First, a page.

Indigenous Artists Radically Imagine a New Future

This session began with a song of welcome from cultural practitioner and filmmaker Hinaleimoana Wong-Kalu (Native Hawaiian, Kanaka Maoli) that opened up a space for radical imagination and relationship. Artists from the 2021 cohort of NDN Collective’s Radical Imagination Grant shared their work from the project, which invests in Indigenous artists’ community-based expressions of “a radically imagined, more just and equitable future.”

Engaging with this work—whether it be taking in fine art photography and film, hearing Native languages spoken and sung, or learning about specific customs and ceremonial practices within the context of decolonization—is about experiencing the gift of centering Indigenous worldviews and knowledge.

Cara Romero (Chemehuevi), a contemporary fine arts photographer, shared images that visually express her people’s cultural landscape, presence and connection to the water, land, flora and fauna of the Mojave Desert of Southern California. “People outside the reservation have little idea about contemporary life of Natives on the reservation. Everything is taught as historic and bygone. From an early age, I knew I wanted to change this narrative,” she said. “I want to counter the narrative that we were historic and bygone, with an emphasis on our modernity, resilience, and the beauty all around us.”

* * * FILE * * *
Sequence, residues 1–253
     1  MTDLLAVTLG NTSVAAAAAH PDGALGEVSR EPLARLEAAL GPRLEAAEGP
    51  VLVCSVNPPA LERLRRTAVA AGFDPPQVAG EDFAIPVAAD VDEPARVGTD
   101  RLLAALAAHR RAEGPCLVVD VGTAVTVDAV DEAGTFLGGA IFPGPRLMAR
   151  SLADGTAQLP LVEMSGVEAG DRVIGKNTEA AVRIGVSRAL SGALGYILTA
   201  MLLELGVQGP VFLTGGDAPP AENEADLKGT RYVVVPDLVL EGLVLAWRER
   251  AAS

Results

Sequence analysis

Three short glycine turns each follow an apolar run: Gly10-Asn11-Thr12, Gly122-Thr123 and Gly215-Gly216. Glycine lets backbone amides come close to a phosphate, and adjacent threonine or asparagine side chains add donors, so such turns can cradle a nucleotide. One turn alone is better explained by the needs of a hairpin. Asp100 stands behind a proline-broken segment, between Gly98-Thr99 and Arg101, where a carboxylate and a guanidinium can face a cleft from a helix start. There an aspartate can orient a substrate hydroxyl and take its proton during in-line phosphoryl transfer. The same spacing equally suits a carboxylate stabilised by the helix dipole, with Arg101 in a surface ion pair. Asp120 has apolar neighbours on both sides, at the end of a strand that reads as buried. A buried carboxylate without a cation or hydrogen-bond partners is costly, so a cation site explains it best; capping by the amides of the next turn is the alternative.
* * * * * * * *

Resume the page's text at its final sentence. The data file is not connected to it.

Cara’s series of #Tongvaland images are a powerful disruption of the invisibility and erasure of California First Peoples, such as the Tongva of Los Angeles. Billboards with #Tongvaland and stunning images of Native women in regalia next to oil refineries or in natural springs that remain still amidst L.A. industrial spaces, the Hollywood Sign reimagined as TONGVALAND—these are examples of how Cara’s art radically educates and shifts understanding about a place like Los Angeles. “Los Angeles is a holy place,” she asserts, pointing out that it is second to Manhattan as home to the highest population of inter-tribal Indigenous residents.

Marianne Nicholson (Musgamakw Dzawada’enuxw First Nations) is a visual artist whose project undertakes the reclaiming of meaning and repatriating of material culture forcibly removed from her people, whose homelands are on the coast of British Columbia. That work entails rebuilding her own understanding and knowledge, and designing community-based platforms to share and return the knowledge to the tribe. This included the carving of a 14-foot traditional feast dish, which was given to the community with a feast being planned around it.

Hinaleimoana Wong-Kalu’s animated short film, Kapaemahu, tells a Native Hawaiian story hidden from history, that honors legendary healers who embodied two-spirit, dual male and female energy.

“My work focuses on the movement and advancement of my people, where the U.S. continues illegal occupation of our land. We struggle to know what is our identity because the colonization has been so great, the loss of language,” Hinaleimoana said. “My work is dedicated to challenging the norms, and sharing how our people understand the world.”

All 10 artists from the 2021 Cohort are featured at the Radical Imagination virtual festival on November 12, 2021.